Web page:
YOUNGSVILLE — The sounds of balls and gloves clapping in right field is music to the ears.
"It gave me such a sense of joy to see these kids come out," said manager Ricky Vanasselberg.
The Cane Cutters open their tenth season up on Tuesday night, hosting the Victoria Generals. A game that will come with free admission as the club looks to get back to "normal."
That was the word of the day Monday as players met with the media. It's a season that will surely be anything but.
"There are going to be new precautions we're going to have to take, but Skip and them have that in line and I'm sure everything will run smoothly," said Northwestern State catcher Marshall Skinner.
Limited capacity, social distancing and minimal contact between players will just be apart of the game this summer, which for many, will be the first live action the players have seen since March. A layoff that is almost foreign to athletes.
"I know a lot of guys who grew up playing multiple sports, sometimes you finish one season one day, and start the next sport the next day," said Southeastern infielder, Jacob Burke. "It was the weirdest time to not have a place to go play the sport we love."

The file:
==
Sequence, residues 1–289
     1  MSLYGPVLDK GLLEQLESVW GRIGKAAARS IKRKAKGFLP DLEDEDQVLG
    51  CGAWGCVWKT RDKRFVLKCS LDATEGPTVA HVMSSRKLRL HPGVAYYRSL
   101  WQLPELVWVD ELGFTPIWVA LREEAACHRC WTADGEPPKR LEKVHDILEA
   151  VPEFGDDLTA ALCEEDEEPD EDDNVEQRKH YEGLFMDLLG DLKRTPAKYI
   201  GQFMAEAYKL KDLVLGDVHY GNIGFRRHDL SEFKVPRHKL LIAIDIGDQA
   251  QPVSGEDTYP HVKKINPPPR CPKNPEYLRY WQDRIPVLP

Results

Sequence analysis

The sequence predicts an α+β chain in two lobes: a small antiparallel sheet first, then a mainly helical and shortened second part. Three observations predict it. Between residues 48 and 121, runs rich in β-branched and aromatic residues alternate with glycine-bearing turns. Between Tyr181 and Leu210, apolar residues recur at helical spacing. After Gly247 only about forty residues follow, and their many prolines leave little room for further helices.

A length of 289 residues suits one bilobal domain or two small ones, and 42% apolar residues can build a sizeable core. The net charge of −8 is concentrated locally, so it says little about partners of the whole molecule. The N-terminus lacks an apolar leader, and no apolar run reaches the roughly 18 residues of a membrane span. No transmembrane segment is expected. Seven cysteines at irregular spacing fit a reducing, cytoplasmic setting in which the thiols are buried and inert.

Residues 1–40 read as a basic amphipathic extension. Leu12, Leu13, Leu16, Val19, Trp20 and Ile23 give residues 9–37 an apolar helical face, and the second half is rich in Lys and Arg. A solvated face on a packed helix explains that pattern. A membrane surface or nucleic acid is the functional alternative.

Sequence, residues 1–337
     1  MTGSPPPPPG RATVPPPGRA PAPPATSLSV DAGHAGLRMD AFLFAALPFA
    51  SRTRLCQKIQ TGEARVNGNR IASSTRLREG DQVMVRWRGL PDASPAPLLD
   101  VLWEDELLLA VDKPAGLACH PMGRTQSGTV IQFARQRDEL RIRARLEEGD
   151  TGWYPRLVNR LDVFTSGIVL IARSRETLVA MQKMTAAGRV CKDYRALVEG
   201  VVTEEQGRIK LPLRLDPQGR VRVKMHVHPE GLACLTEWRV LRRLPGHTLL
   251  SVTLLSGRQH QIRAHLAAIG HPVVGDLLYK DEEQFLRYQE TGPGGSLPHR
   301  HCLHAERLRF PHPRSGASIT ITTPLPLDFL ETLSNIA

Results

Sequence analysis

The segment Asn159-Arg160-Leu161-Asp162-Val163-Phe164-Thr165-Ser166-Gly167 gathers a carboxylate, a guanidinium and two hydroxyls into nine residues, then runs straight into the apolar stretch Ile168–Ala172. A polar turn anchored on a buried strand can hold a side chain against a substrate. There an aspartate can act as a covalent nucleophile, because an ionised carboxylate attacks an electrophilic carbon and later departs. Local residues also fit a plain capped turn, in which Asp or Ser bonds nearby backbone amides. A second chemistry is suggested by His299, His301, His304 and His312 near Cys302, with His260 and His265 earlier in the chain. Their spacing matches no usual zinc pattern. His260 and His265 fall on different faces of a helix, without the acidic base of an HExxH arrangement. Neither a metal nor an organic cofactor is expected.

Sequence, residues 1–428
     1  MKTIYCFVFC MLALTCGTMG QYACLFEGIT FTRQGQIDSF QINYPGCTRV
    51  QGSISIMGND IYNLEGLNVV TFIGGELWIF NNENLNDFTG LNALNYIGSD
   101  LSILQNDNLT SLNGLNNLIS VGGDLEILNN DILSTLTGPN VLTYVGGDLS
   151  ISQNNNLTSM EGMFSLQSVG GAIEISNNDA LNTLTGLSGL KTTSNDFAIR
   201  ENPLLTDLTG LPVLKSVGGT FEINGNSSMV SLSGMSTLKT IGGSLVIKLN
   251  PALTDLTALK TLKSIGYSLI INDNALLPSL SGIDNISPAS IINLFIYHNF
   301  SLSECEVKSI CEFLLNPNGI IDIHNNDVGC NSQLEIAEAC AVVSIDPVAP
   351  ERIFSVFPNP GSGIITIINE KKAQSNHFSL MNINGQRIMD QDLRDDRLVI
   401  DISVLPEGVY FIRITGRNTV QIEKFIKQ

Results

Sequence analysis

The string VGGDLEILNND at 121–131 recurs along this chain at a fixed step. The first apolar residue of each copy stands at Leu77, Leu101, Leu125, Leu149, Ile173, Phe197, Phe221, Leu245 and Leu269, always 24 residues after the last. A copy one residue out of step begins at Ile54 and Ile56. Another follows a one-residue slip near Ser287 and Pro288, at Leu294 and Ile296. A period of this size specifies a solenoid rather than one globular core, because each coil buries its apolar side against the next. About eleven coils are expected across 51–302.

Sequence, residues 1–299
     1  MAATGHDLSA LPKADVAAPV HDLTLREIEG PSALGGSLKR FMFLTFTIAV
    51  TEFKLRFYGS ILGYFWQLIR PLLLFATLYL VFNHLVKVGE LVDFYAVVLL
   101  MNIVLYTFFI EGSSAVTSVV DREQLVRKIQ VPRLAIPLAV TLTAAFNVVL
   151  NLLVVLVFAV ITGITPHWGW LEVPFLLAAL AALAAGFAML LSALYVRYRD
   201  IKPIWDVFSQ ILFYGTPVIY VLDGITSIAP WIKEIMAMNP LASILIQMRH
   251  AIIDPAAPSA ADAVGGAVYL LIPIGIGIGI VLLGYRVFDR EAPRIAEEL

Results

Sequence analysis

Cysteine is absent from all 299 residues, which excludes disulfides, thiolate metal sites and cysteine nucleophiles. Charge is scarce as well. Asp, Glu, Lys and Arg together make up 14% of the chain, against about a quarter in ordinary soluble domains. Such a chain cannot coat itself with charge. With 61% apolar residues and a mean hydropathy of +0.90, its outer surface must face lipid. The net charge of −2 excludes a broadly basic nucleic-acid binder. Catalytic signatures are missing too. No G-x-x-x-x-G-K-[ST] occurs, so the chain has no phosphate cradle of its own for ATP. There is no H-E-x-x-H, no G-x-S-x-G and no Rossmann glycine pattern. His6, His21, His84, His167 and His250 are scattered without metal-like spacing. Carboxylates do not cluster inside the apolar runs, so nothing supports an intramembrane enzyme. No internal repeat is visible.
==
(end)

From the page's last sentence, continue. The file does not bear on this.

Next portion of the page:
The Texas Collegiate League is one of the few actually playing this season and it's temporarily expanded. Five minor league teams based in Texas are sponsoring clubs this summer. Acadiana will play one of those this weekend, the San Antonio Flying Chanclas.
The cancellation of many summer leagues inflated the player pool this spring with some high level talent. Vanasselberg said back in May he anticipated the most talented team he's put together. The Cane Cutters will suit up two LSU Tigers, outfielder Mitchell Stanford, and pitcher Ma'Khail Hillard, neither were made available to the media Monday; and a Cajun pitcher Blake Marshall. Local prep standouts Ethan Leger and Peyton Lejeune are also rostered this summer.
"This is definitely exciting to be able to come and play in front of friends and family," Lejeune, an infielder from LSUE said. "There are a lot of people who will be able to come and watch."
"They're from all types of different schools, but they've all played against each other, and some since they were young," said Vanasselberg. "Seeing the smiles on their faces interacting with each other, taking BP together, talking trash, that's big in baseball. It just felt like normal again."
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